Targa Resources Investments Inc.
 
We own general and limited partner interests, including incentive distribution rights (“IDRs”), in Targa Resources Partners LP (NYSE:NGLS), a publicly traded Delaware limited partnership that is a leading provider of midstream natural gas and natural gas liquid services in the United States. The Partnership is engaged in the business of gathering, compressing, treating, processing and selling natural gas and storing, fractionating, treating, transporting and selling natural gas liquids, or NGLs, and NGL products. Our interests in the Partnership consist of the following:
 
  •  a 2% general partner interest, which we hold through our 100% ownership interest in the general partner of the Partnership;
 
  •  all of the outstanding IDRs; and
 
  •  11,645,659 of the 75,545,409 outstanding common units of the Partnership, representing a 15.1% limited partnership interest.
 
Currently, our only operating asset is an approximate 77% ownership interest in Venice Energy Services Company, L.L.C. (“VESCO”), a Delaware limited liability company that owns a cryogenic natural gas processing plant and related facilities in Plaquemines Parish, Louisiana. We expect to sell our interests in VESCO to the Partnership prior to the closing of this offering, conditioned on completion of satisfactory due diligence, mutually agreeable terms and approval by the Partnership’s conflicts committee and board of directors.
 
Our primary business objective is to increase our cash available for distribution to our stockholders by assisting the Partnership in executing its business strategy. We may facilitate the Partnership’s growth through various forms of financial support, including, but not limited to, modifying the Partnership’s IDRs, exercising the Partnership’s IDR reset provision contained in its partnership agreement, making loans, making capital contributions in exchange for yielding or non-yielding equity interests or providing other financial support to the Partnership, if needed, to support its ability to make distributions. In addition, we may acquire assets that could be candidates for acquisition by the Partnership, potentially after operational or commercial improvement or further development.
 
Our cash flows, other than distributions we receive from VESCO, are generated from the cash distributions we receive from the Partnership. The Partnership is required to distribute all available cash at the end of each quarter after establishing reserves to provide for the proper conduct of its business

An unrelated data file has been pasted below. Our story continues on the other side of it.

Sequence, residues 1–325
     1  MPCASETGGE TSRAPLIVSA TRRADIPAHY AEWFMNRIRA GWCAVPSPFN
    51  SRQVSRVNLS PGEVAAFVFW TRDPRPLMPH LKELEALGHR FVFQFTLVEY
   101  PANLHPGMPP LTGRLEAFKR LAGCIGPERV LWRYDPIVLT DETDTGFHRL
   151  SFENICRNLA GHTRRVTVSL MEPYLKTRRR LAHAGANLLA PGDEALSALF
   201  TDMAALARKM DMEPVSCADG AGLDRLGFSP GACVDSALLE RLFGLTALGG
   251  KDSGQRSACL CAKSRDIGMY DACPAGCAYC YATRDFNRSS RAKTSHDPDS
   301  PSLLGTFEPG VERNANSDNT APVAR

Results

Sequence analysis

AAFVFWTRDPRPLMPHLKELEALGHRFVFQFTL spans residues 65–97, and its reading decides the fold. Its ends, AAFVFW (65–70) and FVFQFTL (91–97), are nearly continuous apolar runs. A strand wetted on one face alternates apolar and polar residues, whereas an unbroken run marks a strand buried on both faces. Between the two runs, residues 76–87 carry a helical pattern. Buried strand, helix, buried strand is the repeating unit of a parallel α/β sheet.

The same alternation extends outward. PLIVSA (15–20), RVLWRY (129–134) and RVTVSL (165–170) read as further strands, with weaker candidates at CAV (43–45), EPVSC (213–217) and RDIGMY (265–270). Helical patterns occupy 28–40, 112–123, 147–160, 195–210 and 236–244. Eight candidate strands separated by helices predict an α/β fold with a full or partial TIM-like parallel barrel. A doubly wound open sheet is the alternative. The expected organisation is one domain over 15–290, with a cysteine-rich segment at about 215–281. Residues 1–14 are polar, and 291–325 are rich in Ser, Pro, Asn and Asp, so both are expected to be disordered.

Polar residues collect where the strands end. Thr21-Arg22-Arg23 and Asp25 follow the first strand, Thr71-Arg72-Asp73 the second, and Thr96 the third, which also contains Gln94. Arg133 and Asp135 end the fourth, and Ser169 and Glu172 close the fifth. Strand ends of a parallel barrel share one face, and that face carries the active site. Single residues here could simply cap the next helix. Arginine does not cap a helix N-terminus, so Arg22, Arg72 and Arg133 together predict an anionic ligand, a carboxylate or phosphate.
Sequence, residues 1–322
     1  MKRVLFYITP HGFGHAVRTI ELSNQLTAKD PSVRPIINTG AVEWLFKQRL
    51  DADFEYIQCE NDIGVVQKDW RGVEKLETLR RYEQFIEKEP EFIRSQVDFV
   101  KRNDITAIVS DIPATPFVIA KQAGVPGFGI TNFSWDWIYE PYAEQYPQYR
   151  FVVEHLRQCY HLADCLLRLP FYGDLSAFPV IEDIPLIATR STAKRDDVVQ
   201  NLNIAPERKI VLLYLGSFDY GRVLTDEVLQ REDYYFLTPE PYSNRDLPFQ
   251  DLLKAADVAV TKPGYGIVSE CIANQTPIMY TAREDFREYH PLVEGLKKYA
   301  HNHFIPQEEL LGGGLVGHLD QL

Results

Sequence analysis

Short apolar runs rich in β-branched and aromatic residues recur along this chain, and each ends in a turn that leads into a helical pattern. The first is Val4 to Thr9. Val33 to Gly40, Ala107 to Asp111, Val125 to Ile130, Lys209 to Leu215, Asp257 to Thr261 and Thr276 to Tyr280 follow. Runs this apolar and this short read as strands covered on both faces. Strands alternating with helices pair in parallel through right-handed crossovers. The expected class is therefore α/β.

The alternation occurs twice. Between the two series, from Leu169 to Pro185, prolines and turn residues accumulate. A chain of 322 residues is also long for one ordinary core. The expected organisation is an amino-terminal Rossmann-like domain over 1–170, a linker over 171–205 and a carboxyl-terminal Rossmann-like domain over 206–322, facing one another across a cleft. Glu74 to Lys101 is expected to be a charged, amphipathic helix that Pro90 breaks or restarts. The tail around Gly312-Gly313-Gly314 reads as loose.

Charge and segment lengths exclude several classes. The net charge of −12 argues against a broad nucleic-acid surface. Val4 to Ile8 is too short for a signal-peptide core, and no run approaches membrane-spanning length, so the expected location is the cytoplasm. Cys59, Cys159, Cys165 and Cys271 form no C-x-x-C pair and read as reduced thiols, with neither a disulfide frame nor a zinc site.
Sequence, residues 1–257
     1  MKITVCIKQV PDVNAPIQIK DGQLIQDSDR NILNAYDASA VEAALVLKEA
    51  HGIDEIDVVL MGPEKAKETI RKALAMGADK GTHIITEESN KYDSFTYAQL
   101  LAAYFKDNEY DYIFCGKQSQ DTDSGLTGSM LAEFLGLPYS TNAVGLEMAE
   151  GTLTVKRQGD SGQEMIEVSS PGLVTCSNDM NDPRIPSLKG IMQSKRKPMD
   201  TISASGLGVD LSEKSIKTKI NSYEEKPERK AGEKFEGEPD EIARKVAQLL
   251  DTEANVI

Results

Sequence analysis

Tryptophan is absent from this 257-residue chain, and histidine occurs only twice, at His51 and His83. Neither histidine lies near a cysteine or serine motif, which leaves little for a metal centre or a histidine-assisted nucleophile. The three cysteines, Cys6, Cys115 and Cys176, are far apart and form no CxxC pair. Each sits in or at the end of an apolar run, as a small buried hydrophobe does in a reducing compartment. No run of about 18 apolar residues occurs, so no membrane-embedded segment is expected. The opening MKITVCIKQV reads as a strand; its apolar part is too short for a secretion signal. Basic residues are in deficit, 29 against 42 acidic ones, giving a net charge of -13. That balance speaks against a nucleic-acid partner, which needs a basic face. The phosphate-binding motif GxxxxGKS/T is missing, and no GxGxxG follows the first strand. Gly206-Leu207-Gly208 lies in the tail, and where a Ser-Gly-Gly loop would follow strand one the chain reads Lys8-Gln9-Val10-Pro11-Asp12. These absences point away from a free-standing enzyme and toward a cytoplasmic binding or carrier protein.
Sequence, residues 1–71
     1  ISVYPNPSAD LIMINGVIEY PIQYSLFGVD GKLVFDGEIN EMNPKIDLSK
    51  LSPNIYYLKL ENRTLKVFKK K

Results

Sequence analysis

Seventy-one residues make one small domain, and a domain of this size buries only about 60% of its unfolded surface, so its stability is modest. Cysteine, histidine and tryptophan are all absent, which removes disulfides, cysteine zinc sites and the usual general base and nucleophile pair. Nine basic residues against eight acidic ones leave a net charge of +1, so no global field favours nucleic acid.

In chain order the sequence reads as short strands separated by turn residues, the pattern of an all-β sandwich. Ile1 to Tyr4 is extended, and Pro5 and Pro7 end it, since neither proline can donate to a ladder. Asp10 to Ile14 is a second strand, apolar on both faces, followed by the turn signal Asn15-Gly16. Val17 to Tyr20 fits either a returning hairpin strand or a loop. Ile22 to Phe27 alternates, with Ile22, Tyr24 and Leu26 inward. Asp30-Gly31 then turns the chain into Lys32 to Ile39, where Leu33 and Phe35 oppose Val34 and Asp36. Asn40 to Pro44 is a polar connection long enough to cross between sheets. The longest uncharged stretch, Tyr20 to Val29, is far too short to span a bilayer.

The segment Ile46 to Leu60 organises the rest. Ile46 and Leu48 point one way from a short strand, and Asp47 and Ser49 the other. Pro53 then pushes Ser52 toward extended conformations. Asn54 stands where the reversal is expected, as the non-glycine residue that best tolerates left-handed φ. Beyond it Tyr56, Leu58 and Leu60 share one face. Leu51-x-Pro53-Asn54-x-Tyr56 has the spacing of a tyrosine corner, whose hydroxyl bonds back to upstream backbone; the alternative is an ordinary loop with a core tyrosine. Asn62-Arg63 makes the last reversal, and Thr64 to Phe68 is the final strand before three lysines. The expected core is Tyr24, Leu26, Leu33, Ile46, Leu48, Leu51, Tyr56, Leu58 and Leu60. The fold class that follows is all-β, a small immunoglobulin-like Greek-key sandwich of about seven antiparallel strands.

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or to provide for future distributions. Our ownership of the Partnership’s IDRs and general partner interests entitle us to receive:
 
  •  2% of all cash distributed in a quarter until $0.3881 has been distributed in respect of each common unit of the Partnership for that quarter;
 
  •  15% of all cash distributed in a quarter after $0.3881 has been distributed in respect of each common unit of the Partnership for that quarter;
 
  •  25% of all cash distributed in a quarter after $0.4219 has been distributed in respect of each common unit of the Partnership for that quarter; and
 
  •  50% of all cash distributed in a quarter after $0.50625 has been distributed in respect of each common unit of the Partnership for that quarter.
 
On August 13, 2010, the Partnership, paid a quarterly cash distribution of $0.5275 per common unit, or $2.11 per common unit on an annualized basis. After giving effect to the Partnership’s public offering of 7,475,000 common units in August 2010 and its issuance to us of 89,813 common units and 1,833 general partner units in connection with the August 2010 sale of our interests in Versado (as defined below under “—Targa Resources Partners LP—Recent Transactions”) to the Partnership, a quarterly distribution by the Partnership of $0.5275 per common unit will result in a quarterly distribution to us of $6.1 million, or $24.6 million on an annualized basis, in respect of our common units in the Partnership. Such distribution would also result in a quarterly distribution to us of $4.8 million, or $19.1 million on an annualized basis, in respect of our 2% general partner interest and IDRs for total quarterly distributions of $10.9 million, or $43.7 million on an annualized basis.